programs have a true need to maintain compatibility with third-party
plugins, as in the case of web browsers. Other times, development
teams have a belief that a program needs far less than 4 GB of memory
and 32-bit code could therefore be more space efficient. Even Visual
a 32-bit application for some time after it supported building
In fact, switching from 32-bit to 64-bit code produces a small but
observable security benefit. The reason is that the ability to
randomize 32-bit addresses is limited. To understand why, observe how
a 32-bit x86 memory address is broken down in Figure 1. More details
are explained at Physical
Figure 1: Memory addresses are divided
into components, only some of which can be easily randomized at runtime
The operating system cannot simply randomize arbitrary bits of the
address. Randomizing the offset within a page portion (bits 0 through
11) would break assumptions the program makes about data alignment.
The page directory pointer (bits 30 and 31) cannot change because bit
31 is reserved for the kernel, and bit 30 is used by Physical Address
Extension as a bank switching technique to address more than 2GB of
RAM. This leaves 14 bits of the 32-bit address off-limits for randomization.
In fact, Windows only attempts to randomize 8 bits of a 32-bit
address. Those are bits 16 through 23, affecting only the page
directory entry and page table entry portion of the address. As a
result, in a brute force situation, an attacker can potentially guess
the base address of an EXE in 256 guesses.
When applying ASLR to a 64-bit binary, Windows is able to randomize
17-19 bits of the address (depending on whether it is a DLL or
EXE). Figure 2 shows how the number of possible base addresses, and
accordingly the number of brute force guesses needed, increases
dramatically for 64-bit code. This could allow endpoint protection
software or a system administrator to detect an attack before it succeeds.
Figure 2: Recompiling 32-bit code as
64-bit dramatically increases the number of possible base addresses
for selection by ASLR
Takeaway 3.1: Software that must process untrusted data should
always be compiled as 64-bit, even if it does not need to use a lot
of memory, to take maximum advantage of ASLR.
In a brute force attack, ASLR makes attacking a 64-bit program at
least 512 times harder than attacking the 32-bit version of the exact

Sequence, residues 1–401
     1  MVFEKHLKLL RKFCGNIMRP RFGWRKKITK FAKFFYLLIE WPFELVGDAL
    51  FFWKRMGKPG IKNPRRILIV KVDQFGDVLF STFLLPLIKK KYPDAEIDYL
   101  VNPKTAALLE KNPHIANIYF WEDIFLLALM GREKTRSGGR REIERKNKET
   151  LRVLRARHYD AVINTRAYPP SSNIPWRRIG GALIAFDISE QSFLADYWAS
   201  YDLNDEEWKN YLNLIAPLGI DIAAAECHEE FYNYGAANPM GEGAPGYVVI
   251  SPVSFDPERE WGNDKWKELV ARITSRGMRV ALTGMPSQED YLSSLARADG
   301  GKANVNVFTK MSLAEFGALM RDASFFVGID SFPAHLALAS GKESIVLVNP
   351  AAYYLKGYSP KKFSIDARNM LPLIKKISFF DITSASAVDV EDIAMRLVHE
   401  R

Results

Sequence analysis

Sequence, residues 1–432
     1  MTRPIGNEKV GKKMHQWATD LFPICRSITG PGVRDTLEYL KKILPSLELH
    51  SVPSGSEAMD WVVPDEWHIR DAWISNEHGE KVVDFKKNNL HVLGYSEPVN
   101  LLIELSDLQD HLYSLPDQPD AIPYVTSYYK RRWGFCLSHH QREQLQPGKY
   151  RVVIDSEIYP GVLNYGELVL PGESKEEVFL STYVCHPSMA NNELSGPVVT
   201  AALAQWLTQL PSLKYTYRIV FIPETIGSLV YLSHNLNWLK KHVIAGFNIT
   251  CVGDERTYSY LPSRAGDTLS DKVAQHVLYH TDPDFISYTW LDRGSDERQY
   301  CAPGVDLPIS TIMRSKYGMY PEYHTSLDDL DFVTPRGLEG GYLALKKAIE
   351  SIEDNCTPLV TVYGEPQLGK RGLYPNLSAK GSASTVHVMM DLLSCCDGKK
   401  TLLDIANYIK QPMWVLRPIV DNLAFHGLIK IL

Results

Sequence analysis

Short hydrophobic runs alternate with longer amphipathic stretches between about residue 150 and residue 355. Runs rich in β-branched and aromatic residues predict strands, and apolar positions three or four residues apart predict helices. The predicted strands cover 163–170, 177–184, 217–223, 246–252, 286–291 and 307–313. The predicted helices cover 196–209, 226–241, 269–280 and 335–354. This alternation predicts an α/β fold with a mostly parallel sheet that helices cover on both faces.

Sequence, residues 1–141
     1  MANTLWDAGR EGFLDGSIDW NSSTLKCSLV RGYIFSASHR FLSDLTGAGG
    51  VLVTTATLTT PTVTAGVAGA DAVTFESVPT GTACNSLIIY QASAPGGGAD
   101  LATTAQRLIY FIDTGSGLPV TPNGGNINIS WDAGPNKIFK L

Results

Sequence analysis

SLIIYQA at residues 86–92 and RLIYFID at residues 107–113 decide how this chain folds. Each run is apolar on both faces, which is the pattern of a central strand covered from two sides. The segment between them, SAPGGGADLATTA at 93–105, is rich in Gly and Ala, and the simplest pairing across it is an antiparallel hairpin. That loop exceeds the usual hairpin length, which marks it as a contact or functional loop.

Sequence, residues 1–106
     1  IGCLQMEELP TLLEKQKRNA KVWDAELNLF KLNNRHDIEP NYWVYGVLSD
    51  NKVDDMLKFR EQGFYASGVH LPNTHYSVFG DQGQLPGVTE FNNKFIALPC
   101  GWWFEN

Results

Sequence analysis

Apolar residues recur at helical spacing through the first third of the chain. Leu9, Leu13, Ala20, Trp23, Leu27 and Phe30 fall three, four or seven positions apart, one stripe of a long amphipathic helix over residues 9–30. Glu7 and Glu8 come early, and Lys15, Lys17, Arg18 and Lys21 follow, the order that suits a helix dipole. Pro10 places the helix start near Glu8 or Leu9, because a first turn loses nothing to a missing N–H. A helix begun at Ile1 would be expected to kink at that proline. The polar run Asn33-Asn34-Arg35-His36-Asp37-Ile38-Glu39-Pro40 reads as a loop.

Takeaway 3.2: Even 64-bit ASLR is susceptible to brute force
attacks, and defenders must focus on detecting brute force attacks
or avoiding situations where they are feasible.
Suppose an attacker can make ten brute force attempts per second
against a vulnerable system. In the common case of the target process
remaining at the same address because multiple instances are running,
the attacker would discover the base address of a 32-bit program in
less than one minute, and of a 64-bit program in a few hours. A 64-bit
brute force attack would produce much more noise, but the
administrator or security software would need to notice and act on it.
In addition to using 64-bit software to make ASLR more effective,
systems should avoid re-spawning a crashing process (to avoid giving
the attacker a “second bite at the apple” to discover the base
address) or force a reboot and therefore guaranteed fresh address
space after a process crashes more than a handful of times.
Takeaway 3.3: Researchers developing a proof of concept attack
against a program available in both 32-bit and 64-bit versions
should focus on the 32-bit one first.
As long as 32-bit software remains relevant, a proof-of-concept
attack against the 32-bit variant of a program is likely easier and
quicker to develop. The resulting attack could be more feasible and
convincing, leading the vendor to patch the program sooner.
Fact 4: Windows 10 reuses randomized base addresses more
aggressively than Windows 7, and this could make it weaker in some situations.
Observe that even if a Windows system must ensure that multiple
instances of one DLL or EXE all get loaded at the same base address,
the system need not keep track of the base address once the last
instance of the DLL or EXE is unloaded. If the DLL or EXE is loaded
again, it can get a fresh base address.
This is the behavior we observed in working with Windows 7. Windows
10 can work differently. Even after the last instance of a DLL or EXE
unloads, it may maintain the same base address at least for a short
period of time—more so for EXEs than DLLs. This can be observed when
repeatedly launching a command-line utility under a multi-process
debugger. However, if the utility is copied to a new filename and then
launched, it receives a fresh base address. Likewise, if a sufficient
duration has passed, the utility will load at a different base
address. Rebooting, of course, generates fresh base addresses for all
DLLs and EXEs.
Takeaway 4.1: Make no assumptions about Windows ASLR guarantees
beyond per-boot randomization.
In particular, do not rely on the behavior of Windows 7 in
randomizing a fresh address space whenever the first instance of a
given EXE or DLL loads. Do not assume that Windows inherently protects
against brute force attacks against ASLR in any way, especially for
32-bit processes where brute force attacks can take 256 or fewer guesses.
Fact 5: Windows 10 is more aggressive at applying ASLR, and even to
EXEs and DLLs not marked as ASLR-compatible, and this could make ASLR stronger.
Windows Vista and 7 were the first two releases to support ASLR, and
therefore made some trade-offs in favor of compatibility.
Specifically, these older implementations would not apply ASLR to an